As an IoT platform generally archives historical data for future analytics, a storage methodology is to be implemented into the infrastructure of the system. In regard to data handling in the IoT sector, choosing a database that offers the right capabilities represents an aspect of high importance, in any given context. These capabilities refer to scalability, portability, efficiency when it comes to writing, compressing and accessing stored data, information security and relative costs of the implementation. Regarding database connection and usage, Node-RED allows connecting to various databases, starting from MSSQL, MySQL, SQLite, PostgreSql, Oracle, etc., and continuing with time-series databases as the newer InfluxDB. Although classic SQL relational databases can be utilized to satisfy the competitive medium of contemporary developments, more optimized options are represented in today’s sector of network solutions. Usually, a time-based storage system is more efficient in regard to depositing and manipulating new data, as it allows for rapid logging and accessing of the data. In Node-RED, being a modular and highly customizable environment, the logging, archiving and reporting, which are very specific to SCADA, can be realized with a complete know-how of a software developer, even on the integrator level. However, tools such as Grafana are also available for easy customizing database manipulation and graphical representations of data within the visual dashboard (also a very important feature in SCADA). Node-RED provides the possibility of developing a dashboard which emulates the monitoring SCADA component.
Thereby, regarding a cost-benefit balance, it would be difficult to identify shortcomings related to classic SCADA systems. Regarding the multiple connectivity options to devices and services, the modern modular approach and scripting, as well as the possibilities of data analyzing and manipulation, are providing many more options than other SCADA systems. Moreover, in the authors’ opinion, Node-RED represents the environment with one of the highest potentials for IoT/IIoT, and follows the proposed conceptual approach with a high rate increase for SCADA solutions. Basically, the entire SCADA project will be exposed through flows that can be exported as .json files. The flow-based guiding concept offers a high technological readiness level (TRL) and allows the easy identification of tags, objects, data vehiculation, etc. Therefore, it can be rapidly accepted by SCADA integrators.

2.2. Case Study

In the process of implementing the Node-RED-based SCADA solution, it is mandatory to select a specific protocol that permits data transfers through the network of components. A primary key is determining the appropriate protocol for the desired result of communication. The advantages and disadvantages of each communication protocol should be taken into consideration, as they differ in their utility, transmission rate and distance. In the IoT context of development, wireless communications are the preliminary solution regarding data transmission. Prior to determining the most suitable protocol for data transference, the background in which it will be employed should be taken into consideration, as some factors such as power usage, network bandwidth and range require different configurations. Due to the fact that scalability is of high importance in the development of a SCADA-IoT integration, refinement of the interoperable network represents a part of the criteria that determines the possibility of adaptability for future directions of expansion, as usage scenarios can be predetermined for a finite number of cases. To satisfy the imposed requirement, IoT platforms should allow for such new integrations at any given time, not affecting the initial integrity of the system, nor inquiring risks. Adaptability solicits a vast diagram of usage scenarios, as numerous devices require different operating abilities. Other facilities that should be granted by a communication network developed in the context of IoT are efficiency, with the aim to employ technologies able to handle the real-time nature of such systems, and security.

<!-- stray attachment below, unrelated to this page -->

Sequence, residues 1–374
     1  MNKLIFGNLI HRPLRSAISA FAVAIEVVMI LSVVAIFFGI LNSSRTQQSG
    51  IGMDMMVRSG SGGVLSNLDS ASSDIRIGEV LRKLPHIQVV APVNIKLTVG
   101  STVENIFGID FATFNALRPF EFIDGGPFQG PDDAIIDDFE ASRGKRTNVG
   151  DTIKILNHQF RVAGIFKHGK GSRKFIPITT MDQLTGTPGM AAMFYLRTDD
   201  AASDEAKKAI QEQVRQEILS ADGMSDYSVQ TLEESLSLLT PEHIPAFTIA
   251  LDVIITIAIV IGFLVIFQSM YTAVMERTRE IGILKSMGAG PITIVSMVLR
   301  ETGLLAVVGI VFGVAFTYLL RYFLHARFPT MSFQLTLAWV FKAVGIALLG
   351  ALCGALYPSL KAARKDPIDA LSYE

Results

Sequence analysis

The architecture of the implemented functional case-study SCADA system based on Node-RED is depicted in Figure 1. The structure will be presented with regard to its modules and components in the following paragraphs. The chosen protocol was the widely spread Modbus TCP, but it could have been any other protocol. In the case study, the data originate from a PLC (in this case, all the logic and hardware components are being simulated), and is read via Modbus TCP/IP inside the core, which is represented by the Node-RED fraction of the application. Node-RED processes the raw data and provides the insertion of the resulted time series in the database, into the determined measurement. Grafana performs timed queries on the data source provided, ensuring the visualization of metrics. Afterwards, the panels that ensued from the dashboard are imported into the user interface from Node-RED to assure a single useful monitoring medium. The MQTT broker redirects all the published messages to all subscribed clients. Lastly, an important segment is constituted by the two selected clients utilized in favor of testing the communication resulting from the network created by the multiple entities.